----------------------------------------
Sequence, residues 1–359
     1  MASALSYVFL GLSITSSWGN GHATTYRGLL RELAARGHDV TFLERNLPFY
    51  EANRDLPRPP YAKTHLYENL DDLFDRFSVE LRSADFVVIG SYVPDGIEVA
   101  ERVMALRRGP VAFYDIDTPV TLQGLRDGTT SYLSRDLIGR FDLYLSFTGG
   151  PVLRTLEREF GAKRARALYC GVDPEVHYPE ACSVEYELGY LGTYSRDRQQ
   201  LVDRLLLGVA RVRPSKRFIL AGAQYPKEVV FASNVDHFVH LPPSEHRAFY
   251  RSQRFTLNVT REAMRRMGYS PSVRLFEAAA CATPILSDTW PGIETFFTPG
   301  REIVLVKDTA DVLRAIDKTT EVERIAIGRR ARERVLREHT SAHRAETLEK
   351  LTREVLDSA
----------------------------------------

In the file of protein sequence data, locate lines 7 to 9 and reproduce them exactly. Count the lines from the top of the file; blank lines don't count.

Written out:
   251  RSQRFTLNVT REAMRRMGYS PSVRLFEAAA CATPILSDTW PGIETFFTPG
   301  REIVLVKDTA DVLRAIDKTT EVERIAIGRR ARERVLREHT SAHRAETLEK
   351  LTREVLDSA